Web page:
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GRI's post-doc fellows for academic diversity take multidisciplinary approach on global issues

As the world continues to combat the COVID-19 pandemic and emerging variants like omicron, Julius Nyerere Odhiambo is working with William & Mary faculty and students to study urgent inequities in healthcare allocation.

While at William & Mary's Global Research Institute, Odhiambo will advance two of Ignite’s ongoing projects: one on how to effectively target COVID vaccine sites in Africa, and another on evaluating methods, data sources and approaches that scientists have used to model COVID in space and time.

“When we inform all stakeholders and engage different perspectives, it helps us to understand the problem more intimately,” Odhiambo said. “If you have an economist, if you have a social scientist, if you have an epidemiologist, they will be viewing the data in different dimensions. All of this brought together can help to steer policy in a way that works for everyone.”

Julius Nyerere OdhiamboOdhiambo is one of the recipients of the Global Research Institute’s Post-Doctoral Fellowship for Academic Diversity. Launched in 2020, GRI created the fellowship to help respond to real-world policy changes and develop the next generation of leaders through a multidisciplinary approach — engaging researchers from different academic fields, perspectives and backgrounds in collaborative projects across 10 research labs.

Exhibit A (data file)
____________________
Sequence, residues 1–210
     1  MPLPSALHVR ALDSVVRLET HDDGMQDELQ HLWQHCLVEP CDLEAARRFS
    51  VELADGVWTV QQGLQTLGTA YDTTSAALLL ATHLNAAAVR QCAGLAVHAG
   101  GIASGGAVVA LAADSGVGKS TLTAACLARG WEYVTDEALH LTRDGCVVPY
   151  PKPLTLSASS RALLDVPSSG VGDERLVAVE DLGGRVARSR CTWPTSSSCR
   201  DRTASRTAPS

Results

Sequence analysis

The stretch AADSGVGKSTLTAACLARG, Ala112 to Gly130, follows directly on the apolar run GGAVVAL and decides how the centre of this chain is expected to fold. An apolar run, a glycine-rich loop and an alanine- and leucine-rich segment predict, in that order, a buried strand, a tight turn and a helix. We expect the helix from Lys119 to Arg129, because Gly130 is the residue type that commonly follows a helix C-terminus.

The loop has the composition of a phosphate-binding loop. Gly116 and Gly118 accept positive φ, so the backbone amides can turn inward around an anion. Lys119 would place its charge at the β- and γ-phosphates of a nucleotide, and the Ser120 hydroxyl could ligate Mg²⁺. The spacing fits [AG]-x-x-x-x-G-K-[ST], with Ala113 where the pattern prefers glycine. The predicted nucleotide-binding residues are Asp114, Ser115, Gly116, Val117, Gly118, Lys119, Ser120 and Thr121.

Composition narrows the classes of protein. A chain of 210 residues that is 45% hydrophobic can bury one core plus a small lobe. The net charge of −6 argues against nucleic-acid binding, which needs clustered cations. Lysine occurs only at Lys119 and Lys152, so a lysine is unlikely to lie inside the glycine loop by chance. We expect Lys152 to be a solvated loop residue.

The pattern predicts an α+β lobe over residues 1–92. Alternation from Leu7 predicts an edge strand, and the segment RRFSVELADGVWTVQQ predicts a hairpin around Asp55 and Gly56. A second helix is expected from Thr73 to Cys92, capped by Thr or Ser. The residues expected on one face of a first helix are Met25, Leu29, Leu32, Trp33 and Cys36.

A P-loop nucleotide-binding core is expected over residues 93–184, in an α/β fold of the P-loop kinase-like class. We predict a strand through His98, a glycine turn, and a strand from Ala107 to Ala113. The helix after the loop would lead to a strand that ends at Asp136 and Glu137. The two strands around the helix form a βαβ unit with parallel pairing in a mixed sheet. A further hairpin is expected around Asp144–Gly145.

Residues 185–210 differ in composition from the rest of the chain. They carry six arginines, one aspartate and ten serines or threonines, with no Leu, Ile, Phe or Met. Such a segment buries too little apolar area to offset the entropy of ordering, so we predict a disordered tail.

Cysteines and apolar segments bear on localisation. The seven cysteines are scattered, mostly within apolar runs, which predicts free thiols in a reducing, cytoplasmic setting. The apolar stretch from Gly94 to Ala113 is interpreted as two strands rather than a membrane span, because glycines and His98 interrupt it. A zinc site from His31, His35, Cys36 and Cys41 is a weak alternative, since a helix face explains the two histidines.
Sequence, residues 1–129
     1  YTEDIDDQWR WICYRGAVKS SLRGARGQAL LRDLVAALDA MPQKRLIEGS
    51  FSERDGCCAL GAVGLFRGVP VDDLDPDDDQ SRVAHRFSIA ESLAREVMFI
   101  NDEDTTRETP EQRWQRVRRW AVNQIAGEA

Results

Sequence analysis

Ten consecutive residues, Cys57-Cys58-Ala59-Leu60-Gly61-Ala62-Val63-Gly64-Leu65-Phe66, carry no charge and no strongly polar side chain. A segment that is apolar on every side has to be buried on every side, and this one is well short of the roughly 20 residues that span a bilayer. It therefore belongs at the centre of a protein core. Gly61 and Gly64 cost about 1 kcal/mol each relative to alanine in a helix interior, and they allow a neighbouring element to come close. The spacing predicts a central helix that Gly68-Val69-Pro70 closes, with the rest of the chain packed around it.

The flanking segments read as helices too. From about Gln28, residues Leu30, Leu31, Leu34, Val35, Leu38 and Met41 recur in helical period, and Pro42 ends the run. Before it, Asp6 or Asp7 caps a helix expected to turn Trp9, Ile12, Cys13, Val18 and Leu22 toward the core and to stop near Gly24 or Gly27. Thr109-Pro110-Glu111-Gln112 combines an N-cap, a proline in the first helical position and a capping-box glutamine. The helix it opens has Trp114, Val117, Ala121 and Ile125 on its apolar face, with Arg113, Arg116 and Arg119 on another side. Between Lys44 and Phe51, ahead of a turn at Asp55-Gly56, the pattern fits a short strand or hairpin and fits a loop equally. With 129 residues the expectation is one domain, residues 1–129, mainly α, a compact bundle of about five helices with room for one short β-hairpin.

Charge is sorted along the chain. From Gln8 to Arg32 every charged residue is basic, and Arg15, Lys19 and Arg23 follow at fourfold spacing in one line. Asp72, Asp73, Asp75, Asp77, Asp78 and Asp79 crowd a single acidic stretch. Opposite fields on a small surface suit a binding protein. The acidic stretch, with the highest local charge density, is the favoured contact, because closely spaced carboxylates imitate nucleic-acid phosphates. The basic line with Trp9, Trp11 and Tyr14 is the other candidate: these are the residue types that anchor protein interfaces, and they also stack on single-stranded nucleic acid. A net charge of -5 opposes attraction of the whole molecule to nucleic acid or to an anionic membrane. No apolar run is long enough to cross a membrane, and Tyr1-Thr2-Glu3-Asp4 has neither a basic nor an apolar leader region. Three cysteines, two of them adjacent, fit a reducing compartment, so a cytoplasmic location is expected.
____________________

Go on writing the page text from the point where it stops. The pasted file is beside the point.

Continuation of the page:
The fellowship brings scholars with diverse backgrounds and expertise to William & Mary to tackle pressing issues in the world and to provide mentored research experiences to underrepresented students. Recipients come to the university for two or more years. During their terms, they lead student research teams, teach new courses and advance multidisciplinary solutions to real-world challenges.

The fellowship was made possible by support from the Office of the Provost and private donations from W&M alumni.

Current Fellow Tanu Kumar — who works at GRI’s Africa Research Center and AidData, as well as directs the Global Cities and Digital Democracies Lab — said she knew when interviewing that this post-doc would expose her to a unique breadth of possibilities.

“I was excited about the opportunity to work with both political scientists and economists,” Kumar said. “At the end of your Ph.D., you’re really in sort of a tunnel with your own work, and I was looking forward to the opportunity to learn from other people, start new projects, and work on slightly different things.”

At GRI, Kumar works with ARC Director Philip Roessler and AidData’s Chief Economist Ariel BenYishay to fill gaps in development and economic research — through examining smaller cities and urban populations that do not often earn coverage, comparing how cell phones and cash affect well-being in Malawi, and developing systems to increase government responsiveness.

Tanu KumarOdhiambo works at Ignite, an interdisciplinary global health research lab, alongside Director Carrie Dolan. Currently based in Kenya but with plans to move to Williamsburg early next year, Odhiambo said he has already learned a lot from members of Ignite’s student research team — whom he calls his peers.